For film producers, an Academy Award can be worth much more than its weight in gold. Based on box office sales over the past five years, winners of the Academy Award for Best Picture averaged $10.3 million in additional box office sales following their victory. In comparison, nominated films that failed to win the Oscar generated an average of $3.9 million in box office receipts following the awards, which is $6.4 million less than their winning counterparts. However, studios, producers and actors need not walk away with any Oscar hardware to achieve massive financial success. While they may not always secure the Oscar, films with relatively smaller budgets benefit from higher profit margins upon nomination. After Room was nominated for Best Picture in the 88th Academy Awards, the number of theaters screening the movie more than quadrupled, increasing from 198 theaters prior to its nomination to 862 after the announcement.
The Big Picture
Fandango has acquired Flixster and Rotten Tomatoes, including the professional movie critic rating tool, the Tomatometer, from Warner Bros. Entertainment. The addition of Flixster and Rotten Tomatoes, along with Fandango’s recent acquisition of on-demand video service, M-Go, will expand the company’s theatrical ticketing business and create the industry’s premier digital network for all things movies.
Along with being one of the most hotly anticipated movies of 2016, The Revenant is also highly likely to carry away a clutch of major prizes during awards season. In addition to key nominations for best film and best acting in a motion picture, the movie has also secured nominations for best cinematography. Little wonder. The work of Mexican DP Emmanuel “Chivo” Lubezki AMC ASC – working in horrendous cold and using only natural light – has been lauded by the critics as the “consummate cinematic experience.”
It’s an understatement to call Cooke Optics’ chairman and owner Les Zellan a digital cinema pioneer. In 2000 when he first introduced the idea of metadata technology in lens manufacturing, only a small number of people believed that digital cinema technology would ever truly replace film as Hollywood’s production medium of choice. At the time, the American Society of Cinematographers was actively campaigning against the idea of replacing film projectors with what were derisively called video projectors. Much has changed, of course, but Zellan still talks in the wary manner of pioneers who understand that, even though they’ve overcome some challenges, there are still more to face.
Iris, Archimedia’s suite of software applications designed to speed file workflow, can now play Interoperable Master Format complex files. These files are rapidly becoming a preferred format for motion pictures because they dramatically reduce the number of file versions film studios need to send out. Archimedia CEO Mark Gray said, “We are proud to introduce an upgrade to Iris that makes it the world’s first software media player for IMF complex files. Now that IMF is gaining traction in the OTT and video on demand television markets its use is sure to increase.”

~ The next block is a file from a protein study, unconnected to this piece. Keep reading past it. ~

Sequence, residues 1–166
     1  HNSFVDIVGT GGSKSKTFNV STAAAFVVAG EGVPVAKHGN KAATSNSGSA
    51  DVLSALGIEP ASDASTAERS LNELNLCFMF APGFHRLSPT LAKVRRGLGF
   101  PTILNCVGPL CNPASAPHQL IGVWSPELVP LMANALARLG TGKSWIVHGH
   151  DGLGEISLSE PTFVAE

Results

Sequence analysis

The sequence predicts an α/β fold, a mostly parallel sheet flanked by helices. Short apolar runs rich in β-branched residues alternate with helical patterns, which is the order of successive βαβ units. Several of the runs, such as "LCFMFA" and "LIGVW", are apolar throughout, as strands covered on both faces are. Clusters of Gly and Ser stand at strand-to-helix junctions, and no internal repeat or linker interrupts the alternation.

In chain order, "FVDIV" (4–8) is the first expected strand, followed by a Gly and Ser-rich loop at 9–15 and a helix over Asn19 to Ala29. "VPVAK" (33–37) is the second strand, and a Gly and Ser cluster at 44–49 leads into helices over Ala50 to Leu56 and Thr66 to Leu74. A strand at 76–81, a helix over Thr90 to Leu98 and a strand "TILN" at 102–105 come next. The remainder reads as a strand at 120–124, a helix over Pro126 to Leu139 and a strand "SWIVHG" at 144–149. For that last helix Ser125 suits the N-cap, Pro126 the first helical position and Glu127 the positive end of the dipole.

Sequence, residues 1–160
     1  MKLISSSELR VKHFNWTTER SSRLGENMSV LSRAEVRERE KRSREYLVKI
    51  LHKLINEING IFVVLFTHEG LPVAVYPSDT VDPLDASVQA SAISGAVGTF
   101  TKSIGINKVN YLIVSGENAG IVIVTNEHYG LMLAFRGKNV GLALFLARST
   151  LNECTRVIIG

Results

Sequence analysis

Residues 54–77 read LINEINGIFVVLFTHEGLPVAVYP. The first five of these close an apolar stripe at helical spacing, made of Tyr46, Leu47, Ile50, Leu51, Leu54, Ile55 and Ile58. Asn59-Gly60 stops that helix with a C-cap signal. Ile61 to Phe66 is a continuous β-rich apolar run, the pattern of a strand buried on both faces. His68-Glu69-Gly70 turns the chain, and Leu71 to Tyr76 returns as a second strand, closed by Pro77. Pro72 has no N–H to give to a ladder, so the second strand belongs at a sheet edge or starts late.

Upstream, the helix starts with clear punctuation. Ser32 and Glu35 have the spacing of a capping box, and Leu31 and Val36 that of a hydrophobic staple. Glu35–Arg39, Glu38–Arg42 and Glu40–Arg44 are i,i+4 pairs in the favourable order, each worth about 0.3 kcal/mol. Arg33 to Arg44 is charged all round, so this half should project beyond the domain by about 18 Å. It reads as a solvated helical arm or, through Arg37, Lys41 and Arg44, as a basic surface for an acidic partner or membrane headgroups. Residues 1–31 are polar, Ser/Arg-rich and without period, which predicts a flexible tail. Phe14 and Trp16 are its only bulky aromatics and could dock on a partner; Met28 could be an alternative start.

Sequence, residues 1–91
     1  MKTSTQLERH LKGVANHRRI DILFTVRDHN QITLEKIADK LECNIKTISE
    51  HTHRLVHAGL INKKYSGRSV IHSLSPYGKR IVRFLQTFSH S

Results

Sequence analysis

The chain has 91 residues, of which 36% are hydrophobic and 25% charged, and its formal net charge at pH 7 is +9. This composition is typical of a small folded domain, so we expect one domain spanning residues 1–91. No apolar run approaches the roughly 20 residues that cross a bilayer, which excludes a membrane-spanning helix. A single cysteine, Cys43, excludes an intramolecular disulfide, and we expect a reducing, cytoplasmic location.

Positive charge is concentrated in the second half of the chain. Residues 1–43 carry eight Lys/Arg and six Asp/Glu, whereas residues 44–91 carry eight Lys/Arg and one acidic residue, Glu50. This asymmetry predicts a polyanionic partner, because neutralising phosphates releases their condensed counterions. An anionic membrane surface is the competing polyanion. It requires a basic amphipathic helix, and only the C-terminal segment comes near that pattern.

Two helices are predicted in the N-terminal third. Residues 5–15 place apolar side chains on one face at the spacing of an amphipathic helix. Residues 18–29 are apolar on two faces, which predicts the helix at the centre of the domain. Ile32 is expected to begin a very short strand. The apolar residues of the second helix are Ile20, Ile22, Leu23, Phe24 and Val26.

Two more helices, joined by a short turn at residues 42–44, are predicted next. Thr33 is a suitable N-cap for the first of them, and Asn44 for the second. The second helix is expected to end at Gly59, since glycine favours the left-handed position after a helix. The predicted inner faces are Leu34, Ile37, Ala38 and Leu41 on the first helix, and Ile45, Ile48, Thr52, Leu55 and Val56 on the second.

M-Go has unveiled a new monthly campaign called Movies that Matter. DreamWorks Animation and Technicolor created the video on demand service to reinforce their commitment to socially relevant films. The campaign will highlight a new film every month, beginning with the debut of the documentary film Imba Means Sing.
Ymagis Group has opened a new, state-of-the-art Dolby Atmos screening room at its Soho offices in central London to serve the UK film industry. Featuring nine luxury seats in a private environment, this new screening facility is acoustically isolated and ideal for quality-control and VIP screenings, daily rushes, color-grading, mastering and corporate activities.
The popular T-Rex Café at Disney Springs, formerly Downtown Disney Marketplace, at Lake Buena Vista, Florida is a monster-sized, Palaeozoic-themed restaurant that bills itself as a Prehistoric Family Adventure. The execution of the theme is extensive and spectacular, and certainly includes enough pre-historic atmosphere to stir the imaginations of dinosaur enthusiasts of all ages. Highlights include a vast and impressive crystal cave that constantly sweeps through a range of intense backlit colors and thickets of cretaceous jungle foliage around smoke-emitting tar pits. All of this provides a backdrop for the stars of the show, the cast of 23 fully-articulated animatronic prehistoric creatures that include such usual dinosaur suspects as tyrannosaurus rex, apatosaurus, triceratops, mastodons, and a woolly mammoth family, together with pteronodons and an 11-metre giant octopus suspended over the bar and the heads of the diners.
Meyer Sound has introduced Amie, the first studio monitor from the company in more than two decades. Developed to meet the demanding needs of Skywalker Sound, Amie brings a level of clarity professionals can trust, making it ideal for critical production environments where accurate translation to larger systems is imperative. Amie made its debut at the Sound for Film event on September 26 at Sony Pictures Studios in Culver City, California.
While Hollywood feature films continue to be the main revenue source for exhibitors, digital cinema technology has opened the doors to advertising revenue both in preshows on the big screen and, increasingly, on digital displays in the lobby. Katy Loria, chief revenue officer, Screenvision, is optimistic about the future for both advertising options.